The answer for Roig-DeBellis was Classes 4 Classes, and in 2013 L’Oréal Paris Women of Worth and Points of Light Honor 10 Inspiring Women Making Beautiful Differences in their Communities:
Bound by a deep sense of purpose and appetite for change, this group of women will join the community of 70 esteemed Women of Worth honorees from the past eight years. Tackling society’s most pressing issues, from helping victims in the wake of the Sandy Hook Elementary tragedy, to enabling terminally ill seniors accomplish their bucket lists, to building a nonprofit restaurant that helps at-risk youth learn life skills, the 2013 Women of Worth honorees are united in their quest to fuel the future.
And back to Moore:
An Oscar winning actress, Julianne is the essence of the modern woman - natural, independent, and committed. 
Her beauty transcends the generations and her firm beliefs have made her an incredibly inspiring figure.
"I am honoured to convey the idea of self-confidence with the motto Because You’re Worth it."

A major figure in the movie world, she is the essence of the modern woman: at once natural, independent, and committed. Today, L’Oréal Paris is delighted to welcome her as the Brand’s Global Ambassador.
It is my firm belief that making money (business) and doing good (philanthropy) are two sides of the same coin.  Each under girds the other, and each is an essential part of the purpose for the other.  For example, the spirit of business ought to be philanthropy, and philanthropy sustains itself by adopting an effective means for making money (i.e. business model).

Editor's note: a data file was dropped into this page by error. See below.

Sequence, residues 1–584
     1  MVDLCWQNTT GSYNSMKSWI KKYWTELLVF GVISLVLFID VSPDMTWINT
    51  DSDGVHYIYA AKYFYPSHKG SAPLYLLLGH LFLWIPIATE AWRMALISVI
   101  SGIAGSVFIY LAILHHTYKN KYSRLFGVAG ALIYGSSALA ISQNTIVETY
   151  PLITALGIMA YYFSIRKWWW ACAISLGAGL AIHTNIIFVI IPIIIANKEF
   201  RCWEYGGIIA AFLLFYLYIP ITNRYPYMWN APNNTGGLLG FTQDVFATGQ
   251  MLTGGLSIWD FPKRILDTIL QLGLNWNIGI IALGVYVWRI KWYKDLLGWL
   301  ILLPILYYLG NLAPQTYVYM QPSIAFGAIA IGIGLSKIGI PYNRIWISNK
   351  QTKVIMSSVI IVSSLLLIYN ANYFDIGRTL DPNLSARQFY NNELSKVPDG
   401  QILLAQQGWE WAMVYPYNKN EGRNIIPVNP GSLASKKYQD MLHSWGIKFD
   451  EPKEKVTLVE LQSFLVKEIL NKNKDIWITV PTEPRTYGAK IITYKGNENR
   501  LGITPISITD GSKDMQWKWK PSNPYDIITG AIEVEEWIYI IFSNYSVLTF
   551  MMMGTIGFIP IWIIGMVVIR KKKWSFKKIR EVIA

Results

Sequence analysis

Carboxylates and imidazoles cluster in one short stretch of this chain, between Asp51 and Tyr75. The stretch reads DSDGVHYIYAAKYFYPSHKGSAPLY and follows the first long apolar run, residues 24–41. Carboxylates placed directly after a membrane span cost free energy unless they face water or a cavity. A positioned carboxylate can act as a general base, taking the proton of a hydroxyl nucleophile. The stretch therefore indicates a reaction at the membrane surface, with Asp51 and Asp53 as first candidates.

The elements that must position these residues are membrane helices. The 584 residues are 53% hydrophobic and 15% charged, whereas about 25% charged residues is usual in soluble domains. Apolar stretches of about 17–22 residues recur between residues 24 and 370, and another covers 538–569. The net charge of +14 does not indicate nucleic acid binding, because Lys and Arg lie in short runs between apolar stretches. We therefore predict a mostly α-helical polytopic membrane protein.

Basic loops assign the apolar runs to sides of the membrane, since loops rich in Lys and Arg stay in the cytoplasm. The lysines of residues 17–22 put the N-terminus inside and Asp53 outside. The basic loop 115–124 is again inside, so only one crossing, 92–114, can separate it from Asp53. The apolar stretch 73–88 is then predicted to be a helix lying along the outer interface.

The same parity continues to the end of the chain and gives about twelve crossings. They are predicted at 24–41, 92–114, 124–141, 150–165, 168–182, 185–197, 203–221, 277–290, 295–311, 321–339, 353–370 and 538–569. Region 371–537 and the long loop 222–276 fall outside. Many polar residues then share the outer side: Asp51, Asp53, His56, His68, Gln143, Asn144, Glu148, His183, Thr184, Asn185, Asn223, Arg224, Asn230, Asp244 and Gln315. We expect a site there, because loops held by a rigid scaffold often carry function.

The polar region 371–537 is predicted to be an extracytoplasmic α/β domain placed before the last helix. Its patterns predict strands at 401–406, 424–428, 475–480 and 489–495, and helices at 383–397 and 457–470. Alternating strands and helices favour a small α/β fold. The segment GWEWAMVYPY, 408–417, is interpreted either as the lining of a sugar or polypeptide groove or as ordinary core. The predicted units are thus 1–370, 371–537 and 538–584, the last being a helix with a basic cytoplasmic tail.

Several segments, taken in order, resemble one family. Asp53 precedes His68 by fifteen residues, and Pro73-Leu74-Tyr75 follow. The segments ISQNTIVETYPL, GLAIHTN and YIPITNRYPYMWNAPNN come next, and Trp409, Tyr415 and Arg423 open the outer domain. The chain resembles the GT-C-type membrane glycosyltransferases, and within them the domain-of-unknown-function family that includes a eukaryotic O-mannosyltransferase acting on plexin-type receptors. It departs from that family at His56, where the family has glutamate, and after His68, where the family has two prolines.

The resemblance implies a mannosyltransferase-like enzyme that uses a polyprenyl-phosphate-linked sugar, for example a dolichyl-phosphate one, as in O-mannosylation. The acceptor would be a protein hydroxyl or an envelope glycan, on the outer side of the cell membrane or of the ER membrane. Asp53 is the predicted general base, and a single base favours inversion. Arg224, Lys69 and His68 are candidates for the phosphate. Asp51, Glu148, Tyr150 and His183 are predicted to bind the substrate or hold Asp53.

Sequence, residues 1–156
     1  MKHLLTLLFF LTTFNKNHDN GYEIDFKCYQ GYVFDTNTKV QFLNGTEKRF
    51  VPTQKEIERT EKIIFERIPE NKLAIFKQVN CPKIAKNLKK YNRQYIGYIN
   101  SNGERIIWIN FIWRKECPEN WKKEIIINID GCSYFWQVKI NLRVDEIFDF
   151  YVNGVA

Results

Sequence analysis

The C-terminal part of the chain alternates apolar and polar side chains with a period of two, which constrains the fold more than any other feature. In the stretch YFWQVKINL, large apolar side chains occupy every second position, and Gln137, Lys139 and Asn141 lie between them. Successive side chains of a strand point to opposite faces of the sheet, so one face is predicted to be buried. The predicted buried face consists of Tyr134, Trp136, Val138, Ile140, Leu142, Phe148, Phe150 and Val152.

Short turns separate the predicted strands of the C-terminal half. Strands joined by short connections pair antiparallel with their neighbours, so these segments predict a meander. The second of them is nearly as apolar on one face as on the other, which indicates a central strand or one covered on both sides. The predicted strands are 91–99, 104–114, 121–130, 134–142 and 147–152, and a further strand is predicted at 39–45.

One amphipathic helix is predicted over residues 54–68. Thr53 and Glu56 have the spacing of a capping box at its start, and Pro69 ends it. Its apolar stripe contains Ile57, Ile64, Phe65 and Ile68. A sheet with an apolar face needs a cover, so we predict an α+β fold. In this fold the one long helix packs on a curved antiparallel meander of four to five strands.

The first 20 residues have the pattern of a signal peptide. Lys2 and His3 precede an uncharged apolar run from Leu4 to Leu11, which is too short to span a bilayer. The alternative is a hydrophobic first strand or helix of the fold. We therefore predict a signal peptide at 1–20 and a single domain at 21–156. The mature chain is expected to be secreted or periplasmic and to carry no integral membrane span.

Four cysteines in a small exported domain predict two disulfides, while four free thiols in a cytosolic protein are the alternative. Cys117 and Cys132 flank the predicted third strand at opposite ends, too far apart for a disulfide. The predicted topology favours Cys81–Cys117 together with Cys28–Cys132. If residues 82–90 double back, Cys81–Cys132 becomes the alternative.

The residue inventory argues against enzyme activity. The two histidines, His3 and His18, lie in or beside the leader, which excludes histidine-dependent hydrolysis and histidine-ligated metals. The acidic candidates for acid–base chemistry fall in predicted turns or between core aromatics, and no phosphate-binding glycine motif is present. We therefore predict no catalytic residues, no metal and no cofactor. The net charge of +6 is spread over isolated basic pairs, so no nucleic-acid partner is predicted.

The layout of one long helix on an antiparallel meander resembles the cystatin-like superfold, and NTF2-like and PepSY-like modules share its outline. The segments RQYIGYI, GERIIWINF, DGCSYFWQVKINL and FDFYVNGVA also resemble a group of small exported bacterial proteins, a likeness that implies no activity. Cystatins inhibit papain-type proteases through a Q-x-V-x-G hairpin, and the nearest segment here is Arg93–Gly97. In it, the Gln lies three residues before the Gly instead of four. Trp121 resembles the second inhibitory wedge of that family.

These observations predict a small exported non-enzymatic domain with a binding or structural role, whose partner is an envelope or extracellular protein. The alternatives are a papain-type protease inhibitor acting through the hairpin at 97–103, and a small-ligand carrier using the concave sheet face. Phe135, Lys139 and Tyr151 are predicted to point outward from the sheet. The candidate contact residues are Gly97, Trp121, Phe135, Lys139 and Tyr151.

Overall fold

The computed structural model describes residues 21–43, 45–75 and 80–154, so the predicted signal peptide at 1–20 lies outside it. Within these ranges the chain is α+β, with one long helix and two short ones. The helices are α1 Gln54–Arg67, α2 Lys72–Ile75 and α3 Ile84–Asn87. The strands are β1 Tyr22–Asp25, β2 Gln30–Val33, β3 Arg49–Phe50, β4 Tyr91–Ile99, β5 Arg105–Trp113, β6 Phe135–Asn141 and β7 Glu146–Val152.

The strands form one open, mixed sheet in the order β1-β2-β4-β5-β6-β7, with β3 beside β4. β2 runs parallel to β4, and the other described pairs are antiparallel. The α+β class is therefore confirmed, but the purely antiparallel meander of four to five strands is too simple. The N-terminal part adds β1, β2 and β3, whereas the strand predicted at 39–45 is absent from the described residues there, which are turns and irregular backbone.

Friday, March 6, 2015

Ram Charan and Jerry Useem on Why Companies Fail

(image credit)
June 13th 2002 notes on leadership, business and economics

Why Companies Fail is a persuasive article: It speaks to the fundamental fallibility of the human psyche, and despite the fact that the CEO is the powerful head of a company, his or her psyche is no less fallible than yours or mine.

Here are authors Ram Charan and Jerry Useem's take on the failure factors: 
  1. Softened by success
  2. See no evil
  3. Fearing the boss more than the competition
  4. Overdosing on risk
  5. Acquisition lust
  6. Listening to Wall Street more than employees
  7. Strategy du jour
  8. A dangerous corporate culture
  9. The new-economy death spiral
  10. A dysfunctional board
Why is it that very smart, highly accomplished individuals fail to appreciate the import of negative signs? In part, it is because they are smart (and successful) that they can read a sign, and flat-out rationalize it, minimize it, deny it.

Cognitive Dissonance argues that people will work to reconcile discrepant information in ways that shape their beliefs and perceptions powerfully. They come to believe their reconciliation because it removes the discrepancy.  It reinforces not only of the re-formulated belief, but also the very process of cognition, because it removes the highly discomforting tension, anxiety, or other dysphoric emotion.

Another way of explaining it: It is a failure of the ego to do its function as reality check and the executor of adaptive behavior. It is also a failure of, or a squelching of, the superego to put the ethics-transgression check on the decisions and actions of the ego.

What makes these two important psychic agents fail? 
  • Too powerful id impulses (greed, aggression, pleasure).
  • Weakened states of ego and superego, due to high stress, constant pressure, little rest and recovery.
  • Fundamental deficits in the ego and superego, arising from missing or insufficient nurturing of these agents in an earlier life stage.